24. December 2018
3 min

Reinforcement learning - Part 3: Creating your own gym environment

What is the ability to create an agent without knowing how to implement an environment? The Gym toolkit already provides a bunch of settings. But not every problem is included there. In this post I will show you how you can create your very own Gym environment. I will use a bubble shooter game written in python and wrap it into the expected shape. The procedure stays pretty much the same for every problem. You just have to adapt this tutorial to your needs.


Before you start building your environment, you need to install some things first. Git and Python 3.5 or higher are necessary as well as installing Gym. I recommend cloning the Gym Git repository directly. This is particularly useful when you’re working on modifying Gym itself or adding new environments (which we are planning on doing). You can download and install using:

For this special case we also need the PyGame lib, as the bubble shooter is based on that. You can skip this if you aren’t using this library. For installation just do:

Setting up the package structure

Gym environments all come in the PIP package structure which we will set up now. Just replace everything specific to bubble shooter with your own innovative name. We create a new repository called “gym-bubbleshooter”. It should have at least the following files:

The README.md  can contain a short description of your environment. In this case the game bubble shooter is briefly explained. The file gym-bubbleshooter/setup.py  should have:

The gym-bubbleshooter/gym_bubbleshooter/__init__.py  should contain the following lines. The id is the name we will use later to make our environment.

The gym-bubbleshooter/gym_bubbleshooter/envs/__init__.py  should have:


The core of the environment is the gym-bubbleshooter/gym_bubbleshooter/envs/bubbleshooter_env.py . It contains the environment-class with its four methods we know from the interaction with other environments.

The first method initializes the class and sets the initial state. The second function takes an action and steps the environment one step ahead. It returns the next state, the reward for that action, a boolean that describes whether the episode is over and some additional info on our problem. The remaining two functions are reset, which resets the state and returns it and render, which visualizes the state of the environment in some form.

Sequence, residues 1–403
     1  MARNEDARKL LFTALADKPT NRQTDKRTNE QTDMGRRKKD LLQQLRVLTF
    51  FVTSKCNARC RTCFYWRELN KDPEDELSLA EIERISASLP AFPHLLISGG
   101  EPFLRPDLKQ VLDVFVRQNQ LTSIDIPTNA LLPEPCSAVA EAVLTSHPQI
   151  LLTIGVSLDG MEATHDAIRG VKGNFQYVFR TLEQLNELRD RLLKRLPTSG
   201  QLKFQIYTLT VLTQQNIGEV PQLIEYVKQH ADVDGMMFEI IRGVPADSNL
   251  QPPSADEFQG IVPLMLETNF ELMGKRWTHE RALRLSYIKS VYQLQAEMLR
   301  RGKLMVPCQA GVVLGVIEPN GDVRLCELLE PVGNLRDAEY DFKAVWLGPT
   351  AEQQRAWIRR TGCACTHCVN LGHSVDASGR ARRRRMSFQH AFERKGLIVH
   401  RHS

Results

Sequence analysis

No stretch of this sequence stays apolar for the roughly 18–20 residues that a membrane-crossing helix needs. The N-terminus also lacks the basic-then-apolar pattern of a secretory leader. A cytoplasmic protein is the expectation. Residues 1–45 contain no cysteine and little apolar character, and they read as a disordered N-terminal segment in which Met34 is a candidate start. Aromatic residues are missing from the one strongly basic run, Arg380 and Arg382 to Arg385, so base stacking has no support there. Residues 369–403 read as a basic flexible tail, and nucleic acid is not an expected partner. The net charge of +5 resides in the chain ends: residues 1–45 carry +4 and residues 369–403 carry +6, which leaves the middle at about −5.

For my special case I have used an existing game and shaped it into to the form above. I will not go into detail of every little step, but give you my general approach to this problem. The first thing I did was creating a new repository following all of the above steps. Then I cloned the game’s git repository and copied the code of the puzzlebubble.py  into my environment class. After that, I deleted everything unnecessary like the start of the main function, everything related to music and endscreen method. If you don’t start from scratch, I highly recommend investing some time into understanding everything in the given code. This will help you a lot as you gather everything up. The main difficulties regarding my environment were creating an interface such that you can interact with the game using step() instead of the keyboard and separating the game logic from the rendering. The latter was very time consuming as I basically had to rewrite the whole collision logic. You should also take a look at other Gym environments to get a feeling for how they work and their usage of spaces. If you are finished you can go on with the next section.


Once you are done implementing, you can install the environment. Just go to the gym-bubbleshooter folder and run the following command:


There it is, a working Gym environment of bubble shooter. It probably needs some performance improvements and optimizations in some other stuff before you can unleash your agents on this environment. But for now I’m pretty contented with it.

To use this environment you have to clone my git repository and install it. Then you can utilize the following lines of code.

And that’s the end of my blog post trilogy about reinforcement learning. After these three blogs full of RL, you should be able to create your own agent and environment now. I hope you learned something new and enjoyed reading. I would love to read your feedback in the comments. Merry Christmas to you all and a happy new year!





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